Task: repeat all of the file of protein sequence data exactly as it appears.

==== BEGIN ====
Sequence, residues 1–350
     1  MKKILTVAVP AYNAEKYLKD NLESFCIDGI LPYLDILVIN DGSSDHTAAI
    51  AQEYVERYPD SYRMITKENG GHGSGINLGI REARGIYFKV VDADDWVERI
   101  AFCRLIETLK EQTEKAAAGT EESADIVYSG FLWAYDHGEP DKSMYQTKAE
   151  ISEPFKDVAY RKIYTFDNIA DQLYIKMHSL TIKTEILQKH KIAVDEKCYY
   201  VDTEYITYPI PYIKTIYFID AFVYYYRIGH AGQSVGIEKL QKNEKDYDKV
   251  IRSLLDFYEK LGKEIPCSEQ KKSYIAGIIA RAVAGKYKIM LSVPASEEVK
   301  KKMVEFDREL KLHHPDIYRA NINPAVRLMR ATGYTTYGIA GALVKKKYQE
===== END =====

Sequence, residues 1–350
     1  MKKILTVAVP AYNAEKYLKD NLESFCIDGI LPYLDILVIN DGSSDHTAAI
    51  AQEYVERYPD SYRMITKENG GHGSGINLGI REARGIYFKV VDADDWVERI
   101  AFCRLIETLK EQTEKAAAGT EESADIVYSG FLWAYDHGEP DKSMYQTKAE
   151  ISEPFKDVAY RKIYTFDNIA DQLYIKMHSL TIKTEILQKH KIAVDEKCYY
   201  VDTEYITYPI PYIKTIYFID AFVYYYRIGH AGQSVGIEKL QKNEKDYDKV
   251  IRSLLDFYEK LGKEIPCSEQ KKSYIAGIIA RAVAGKYKIM LSVPASEEVK
   301  KKMVEFDREL KLHHPDIYRA NINPAVRLMR ATGYTTYGIA GALVKKKYQE